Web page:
Vertical Aerospace Cites Propeller Fault In eVTOL Flight Test Accident


Vertical Aerospace has identified a propeller issue as the most likely cause of an Aug. 9 flight testing accident involving its VX4 electric vertical takeoff and landing (eVTOL) prototype. According to the company, “an unexpected fault occurred causing the aircraft to enter a stable descent, before being damaged on impact with the ground.” Vertical reported that the propeller in use was an early generation model that had “already been redesigned prior to the incident.”

“We are pleased with our flight test progress to date and the data, insights and invaluable learnings we have collected,” said Vertical founder and CEO Stephen Fitzpatrick. “While a fault of any sort is disappointing, it is not wholly unexpected at this stage of testing a novel aircraft. … Our planned second upgraded prototype, which will include most of our top tier partners’ technology, will have us in the air early next year and we remain on track for our certification timelines.”

Vertical says it is also in the process of implementing additional undisclosed recommendations stemming from its investigation. The company noted that it has submitted a report to the U.K.’s Air Accidents Investigation Branch (AAIB) and intends to provide an update once the AAIB has concluded its own investigation. As previously reported by AVweb, the accident took place at Vertical’s flight test center at Cotswold Airport (GBA) in the U.K.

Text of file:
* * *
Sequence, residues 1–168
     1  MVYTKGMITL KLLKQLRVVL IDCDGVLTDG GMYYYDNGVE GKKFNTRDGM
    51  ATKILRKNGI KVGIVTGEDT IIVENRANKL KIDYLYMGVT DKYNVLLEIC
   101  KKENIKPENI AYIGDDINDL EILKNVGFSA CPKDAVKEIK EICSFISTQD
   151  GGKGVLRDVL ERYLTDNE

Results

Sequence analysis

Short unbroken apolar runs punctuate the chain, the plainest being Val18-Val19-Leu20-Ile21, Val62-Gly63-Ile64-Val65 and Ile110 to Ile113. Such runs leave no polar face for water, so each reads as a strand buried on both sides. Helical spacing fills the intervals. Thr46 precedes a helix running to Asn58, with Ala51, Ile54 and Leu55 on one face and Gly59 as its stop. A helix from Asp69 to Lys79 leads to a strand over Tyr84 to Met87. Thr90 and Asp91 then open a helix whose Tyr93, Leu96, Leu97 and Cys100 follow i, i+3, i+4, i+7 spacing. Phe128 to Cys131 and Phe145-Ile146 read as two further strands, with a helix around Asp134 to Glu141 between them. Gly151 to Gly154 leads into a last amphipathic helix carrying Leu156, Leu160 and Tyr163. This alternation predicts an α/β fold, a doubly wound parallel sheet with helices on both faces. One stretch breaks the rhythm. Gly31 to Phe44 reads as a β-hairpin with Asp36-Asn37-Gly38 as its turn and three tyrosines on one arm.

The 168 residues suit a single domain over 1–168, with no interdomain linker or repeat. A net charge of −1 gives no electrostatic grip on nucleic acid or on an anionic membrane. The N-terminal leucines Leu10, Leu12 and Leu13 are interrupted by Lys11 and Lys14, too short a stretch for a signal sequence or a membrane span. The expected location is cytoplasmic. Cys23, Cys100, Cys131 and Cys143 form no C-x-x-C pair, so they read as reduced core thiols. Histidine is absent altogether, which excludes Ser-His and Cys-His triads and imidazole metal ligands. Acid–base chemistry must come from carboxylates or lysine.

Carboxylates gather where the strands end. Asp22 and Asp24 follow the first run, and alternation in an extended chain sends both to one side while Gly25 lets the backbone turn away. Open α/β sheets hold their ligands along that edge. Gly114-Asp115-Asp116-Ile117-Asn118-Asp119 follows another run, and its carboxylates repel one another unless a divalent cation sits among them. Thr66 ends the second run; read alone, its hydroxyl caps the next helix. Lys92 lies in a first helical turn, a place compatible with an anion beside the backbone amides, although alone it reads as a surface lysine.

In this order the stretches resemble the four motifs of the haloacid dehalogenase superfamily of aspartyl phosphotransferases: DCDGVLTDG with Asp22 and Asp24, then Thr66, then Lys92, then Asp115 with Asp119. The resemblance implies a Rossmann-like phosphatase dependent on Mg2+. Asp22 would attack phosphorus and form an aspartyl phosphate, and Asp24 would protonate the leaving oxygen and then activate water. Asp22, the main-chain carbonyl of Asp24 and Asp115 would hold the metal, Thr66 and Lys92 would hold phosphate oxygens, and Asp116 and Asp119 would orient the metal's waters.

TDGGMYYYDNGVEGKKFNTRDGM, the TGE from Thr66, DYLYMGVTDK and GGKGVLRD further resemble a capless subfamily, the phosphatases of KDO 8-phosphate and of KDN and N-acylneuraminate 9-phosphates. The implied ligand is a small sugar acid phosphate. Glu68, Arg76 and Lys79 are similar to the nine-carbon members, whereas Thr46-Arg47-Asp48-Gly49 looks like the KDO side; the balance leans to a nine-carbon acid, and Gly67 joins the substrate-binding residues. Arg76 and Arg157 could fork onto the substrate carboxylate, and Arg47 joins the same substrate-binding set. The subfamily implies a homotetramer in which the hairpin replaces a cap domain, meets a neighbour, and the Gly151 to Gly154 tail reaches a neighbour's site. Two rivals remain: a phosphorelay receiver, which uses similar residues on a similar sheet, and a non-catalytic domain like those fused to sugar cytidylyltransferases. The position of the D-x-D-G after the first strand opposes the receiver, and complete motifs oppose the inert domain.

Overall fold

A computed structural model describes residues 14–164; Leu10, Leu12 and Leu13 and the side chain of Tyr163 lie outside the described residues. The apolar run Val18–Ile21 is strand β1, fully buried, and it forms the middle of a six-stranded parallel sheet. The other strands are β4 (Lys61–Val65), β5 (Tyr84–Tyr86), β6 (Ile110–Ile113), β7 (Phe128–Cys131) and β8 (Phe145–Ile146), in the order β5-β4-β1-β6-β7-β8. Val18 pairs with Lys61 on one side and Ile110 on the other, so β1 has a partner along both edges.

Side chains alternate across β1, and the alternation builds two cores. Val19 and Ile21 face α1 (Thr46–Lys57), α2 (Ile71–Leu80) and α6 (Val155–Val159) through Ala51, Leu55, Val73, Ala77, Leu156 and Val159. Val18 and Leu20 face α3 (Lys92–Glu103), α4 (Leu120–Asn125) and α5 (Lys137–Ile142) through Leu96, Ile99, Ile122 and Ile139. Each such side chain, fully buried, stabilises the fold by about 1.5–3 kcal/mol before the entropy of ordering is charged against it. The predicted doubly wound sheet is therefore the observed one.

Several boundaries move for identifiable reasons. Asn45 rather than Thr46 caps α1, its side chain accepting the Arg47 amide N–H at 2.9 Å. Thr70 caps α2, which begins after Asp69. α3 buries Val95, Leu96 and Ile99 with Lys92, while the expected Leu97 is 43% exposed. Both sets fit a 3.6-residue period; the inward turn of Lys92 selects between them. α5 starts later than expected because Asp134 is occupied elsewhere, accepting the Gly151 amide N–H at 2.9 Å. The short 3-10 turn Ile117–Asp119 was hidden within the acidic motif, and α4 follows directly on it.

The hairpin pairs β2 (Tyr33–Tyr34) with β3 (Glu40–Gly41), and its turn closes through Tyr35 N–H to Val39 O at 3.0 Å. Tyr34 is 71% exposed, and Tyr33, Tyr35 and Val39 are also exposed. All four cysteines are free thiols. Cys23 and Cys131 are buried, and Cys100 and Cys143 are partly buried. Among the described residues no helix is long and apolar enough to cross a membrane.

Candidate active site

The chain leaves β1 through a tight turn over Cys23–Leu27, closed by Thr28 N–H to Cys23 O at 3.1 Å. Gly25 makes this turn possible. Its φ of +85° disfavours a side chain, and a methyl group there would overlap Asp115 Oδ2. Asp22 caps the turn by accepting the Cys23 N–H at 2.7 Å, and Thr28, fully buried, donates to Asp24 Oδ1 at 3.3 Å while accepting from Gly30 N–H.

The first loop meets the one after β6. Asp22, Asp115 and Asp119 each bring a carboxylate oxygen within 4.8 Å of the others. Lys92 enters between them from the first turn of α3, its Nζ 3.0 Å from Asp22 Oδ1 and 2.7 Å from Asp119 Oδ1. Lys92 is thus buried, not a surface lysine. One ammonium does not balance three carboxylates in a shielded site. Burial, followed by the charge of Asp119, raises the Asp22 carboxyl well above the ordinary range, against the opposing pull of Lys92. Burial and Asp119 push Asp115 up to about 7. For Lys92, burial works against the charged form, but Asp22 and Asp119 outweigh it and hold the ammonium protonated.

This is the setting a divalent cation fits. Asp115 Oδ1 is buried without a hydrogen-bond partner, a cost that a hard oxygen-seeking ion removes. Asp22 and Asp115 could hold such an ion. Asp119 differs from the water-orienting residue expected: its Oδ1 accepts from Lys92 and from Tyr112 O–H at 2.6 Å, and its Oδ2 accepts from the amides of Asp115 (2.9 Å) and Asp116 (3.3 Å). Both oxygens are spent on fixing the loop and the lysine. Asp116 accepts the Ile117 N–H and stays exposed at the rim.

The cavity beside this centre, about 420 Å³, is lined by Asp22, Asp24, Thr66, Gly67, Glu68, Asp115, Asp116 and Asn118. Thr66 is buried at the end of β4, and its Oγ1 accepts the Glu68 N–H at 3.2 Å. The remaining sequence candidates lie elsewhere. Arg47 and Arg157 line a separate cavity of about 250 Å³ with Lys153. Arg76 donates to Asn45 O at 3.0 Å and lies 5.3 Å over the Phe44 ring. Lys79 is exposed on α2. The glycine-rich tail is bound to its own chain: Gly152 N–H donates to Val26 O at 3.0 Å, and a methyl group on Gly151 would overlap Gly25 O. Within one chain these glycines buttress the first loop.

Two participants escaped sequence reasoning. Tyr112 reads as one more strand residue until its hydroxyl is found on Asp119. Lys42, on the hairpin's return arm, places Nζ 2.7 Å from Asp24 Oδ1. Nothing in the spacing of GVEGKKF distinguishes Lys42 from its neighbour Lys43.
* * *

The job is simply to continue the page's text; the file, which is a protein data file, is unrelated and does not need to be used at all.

Kate O'Connor
Kate O’Connor works as AVweb's Editor-in-Chief. She is a private pilot, certificated aircraft dispatcher, and graduate of Embry-Riddle Aeronautical University.

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  1. When you buy a small drone you almost always get a set of replacement propellers “free”.
    For good reason, they are thin and fragile and designed to flex as they turn to cope with sudden power changes.
    And if by mischance you happen to hit a leaf, or land in slightly long grass, the advice is to check for any nicks or cracks, because it is annoying to see a drone shred a bit of plastic and fall like a stone.
    Of course the manufacturers of the “air taxis” and “personal transporters” say they will never have those problems.

    • Other sources have reported that it wasn’t the loss of a propeller itself that was a problem, but that the loss of the prop caused the pylon that it and the motor were mounted on to fail, and that took out the data bus for other motors on that wing. That’s almost a more disturbing problem to me–your motors shouldn’t snap off if you lose a prop blade, and the even if they did, the loss of that connection shouldn’t break the connection with the other motors. I’m sort of reminded of the Electra whirl mode problems, UAL 232, etc.

      Multiple motors/props can provide great redundancy and protection, provided you make sure the failure of one of them doesn’t take out the others…

  2. For the concepts that involve “parking” some number of rotors during forward flight, has there been any flutter analysis…and for every possible “parked” rotor position?

  3. For myself alone, I will NEVER fly in one of these things unless I’m unconscious and PUT aboard. As a former PHI A&P I I know that rotary wing is complex enough but these multi bladed electrics take that to an absurd level. Guess the KISS principle doesn’t have currency with this industry?